Languages often have multiple means of communicating the same thing. Lexical inventories overlap; grammatical forms might share related functions.
Compounding and Cogntive Processes in Word Formation with ὑδροποτέω and its relatives: Discussions of lexical semantics often make […]
For those who do not know me, my name is Chris Fresch. I used to contribute over at […]
The introductory volume on linguistics and exegesis to which I contributed two chapters is finally in print. Linguistics […]
We have uploaded our slides from the Tyndale House Greek Prepositions Workshop to Academia.edu. They’re available below:
Morten H. Christiansen & Nick Chater published an excellent article in Nature yesterday: Toward an integrated science of language. This […]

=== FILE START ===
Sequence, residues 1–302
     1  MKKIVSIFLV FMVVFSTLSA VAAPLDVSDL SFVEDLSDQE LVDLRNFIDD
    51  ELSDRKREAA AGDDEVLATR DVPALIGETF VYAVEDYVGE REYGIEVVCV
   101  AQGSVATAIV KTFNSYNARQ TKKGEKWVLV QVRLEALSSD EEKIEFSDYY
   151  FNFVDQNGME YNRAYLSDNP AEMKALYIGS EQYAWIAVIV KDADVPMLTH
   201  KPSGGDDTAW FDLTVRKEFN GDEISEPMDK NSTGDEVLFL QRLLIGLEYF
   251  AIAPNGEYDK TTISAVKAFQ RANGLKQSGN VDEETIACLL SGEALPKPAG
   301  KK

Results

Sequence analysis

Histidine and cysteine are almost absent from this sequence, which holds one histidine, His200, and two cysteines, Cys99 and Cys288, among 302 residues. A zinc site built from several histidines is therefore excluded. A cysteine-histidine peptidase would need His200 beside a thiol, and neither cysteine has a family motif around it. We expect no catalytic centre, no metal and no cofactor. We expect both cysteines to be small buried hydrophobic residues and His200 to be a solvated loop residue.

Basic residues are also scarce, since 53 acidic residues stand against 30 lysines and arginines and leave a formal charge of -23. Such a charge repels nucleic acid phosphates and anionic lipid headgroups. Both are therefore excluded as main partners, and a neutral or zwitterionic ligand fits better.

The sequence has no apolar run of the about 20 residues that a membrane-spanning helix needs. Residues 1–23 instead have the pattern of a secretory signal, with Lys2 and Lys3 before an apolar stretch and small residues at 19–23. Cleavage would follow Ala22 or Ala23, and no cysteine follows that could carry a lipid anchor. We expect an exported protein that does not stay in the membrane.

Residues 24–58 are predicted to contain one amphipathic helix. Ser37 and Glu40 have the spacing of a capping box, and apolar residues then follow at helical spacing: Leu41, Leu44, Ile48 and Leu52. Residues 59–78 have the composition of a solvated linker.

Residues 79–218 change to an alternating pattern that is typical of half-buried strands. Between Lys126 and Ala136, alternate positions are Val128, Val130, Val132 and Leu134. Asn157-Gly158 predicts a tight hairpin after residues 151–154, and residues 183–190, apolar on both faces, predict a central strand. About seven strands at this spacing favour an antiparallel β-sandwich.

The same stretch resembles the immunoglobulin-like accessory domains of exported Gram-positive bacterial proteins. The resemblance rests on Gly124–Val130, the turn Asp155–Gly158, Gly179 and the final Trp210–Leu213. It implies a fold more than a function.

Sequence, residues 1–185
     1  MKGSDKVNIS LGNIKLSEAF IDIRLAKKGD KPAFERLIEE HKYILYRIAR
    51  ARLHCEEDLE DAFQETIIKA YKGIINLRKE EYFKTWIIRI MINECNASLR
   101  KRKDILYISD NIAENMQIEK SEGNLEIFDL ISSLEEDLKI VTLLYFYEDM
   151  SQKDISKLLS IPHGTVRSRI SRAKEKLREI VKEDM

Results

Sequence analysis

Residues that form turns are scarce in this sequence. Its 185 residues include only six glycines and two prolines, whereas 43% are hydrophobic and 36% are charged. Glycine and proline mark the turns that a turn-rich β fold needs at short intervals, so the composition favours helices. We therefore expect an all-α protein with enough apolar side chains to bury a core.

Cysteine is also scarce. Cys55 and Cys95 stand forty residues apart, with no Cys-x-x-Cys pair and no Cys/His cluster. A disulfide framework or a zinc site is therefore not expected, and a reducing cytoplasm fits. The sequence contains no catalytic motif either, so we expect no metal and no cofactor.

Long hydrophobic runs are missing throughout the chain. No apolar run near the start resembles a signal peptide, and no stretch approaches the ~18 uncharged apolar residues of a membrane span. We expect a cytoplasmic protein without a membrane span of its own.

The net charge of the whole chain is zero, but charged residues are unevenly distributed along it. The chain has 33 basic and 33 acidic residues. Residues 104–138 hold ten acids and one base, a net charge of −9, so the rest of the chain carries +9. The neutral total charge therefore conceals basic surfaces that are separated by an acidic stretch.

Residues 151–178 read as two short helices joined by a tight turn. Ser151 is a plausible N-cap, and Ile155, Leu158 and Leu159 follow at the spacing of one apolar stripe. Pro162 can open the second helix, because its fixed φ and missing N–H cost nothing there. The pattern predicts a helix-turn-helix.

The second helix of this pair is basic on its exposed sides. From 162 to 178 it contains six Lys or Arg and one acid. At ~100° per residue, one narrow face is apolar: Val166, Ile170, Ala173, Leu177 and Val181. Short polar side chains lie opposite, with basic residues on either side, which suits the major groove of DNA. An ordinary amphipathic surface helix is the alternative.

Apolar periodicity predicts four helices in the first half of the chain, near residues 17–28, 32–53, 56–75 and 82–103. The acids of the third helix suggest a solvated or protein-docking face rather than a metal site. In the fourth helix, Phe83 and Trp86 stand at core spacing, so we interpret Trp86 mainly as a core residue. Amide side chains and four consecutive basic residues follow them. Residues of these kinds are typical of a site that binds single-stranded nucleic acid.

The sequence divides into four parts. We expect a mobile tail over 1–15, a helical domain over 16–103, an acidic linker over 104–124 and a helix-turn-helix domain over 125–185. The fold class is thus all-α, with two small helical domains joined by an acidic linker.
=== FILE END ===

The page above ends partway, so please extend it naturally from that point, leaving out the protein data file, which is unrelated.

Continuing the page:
When we talk about prepositional meaning, we have focused on the usage of prepositions in constructional contexts. We have not talked about ἀπό or ἐκ meaning CAUSE, for example, but rather ἀπό and ἐκ being used in a CAUSE expressions. This is an important distinction.
The following is an essay encompassing the analysis and data that we will be presenting in our paper on ἐκ and ἀπό at the Greek Prepositions Workshop at Tyndale house in Cambridge this coming Friday, June 30th. It is a compilation of the short pieces that we have posted over the past week.
“For illustrative purposes, let us sketch a plausible (though simplistic) scenario for the evolution of a complex category. […]
Notes for the Greek Preposition Workshop, on June 30th through July 1st. Already by the first century CE, ἐκ & […]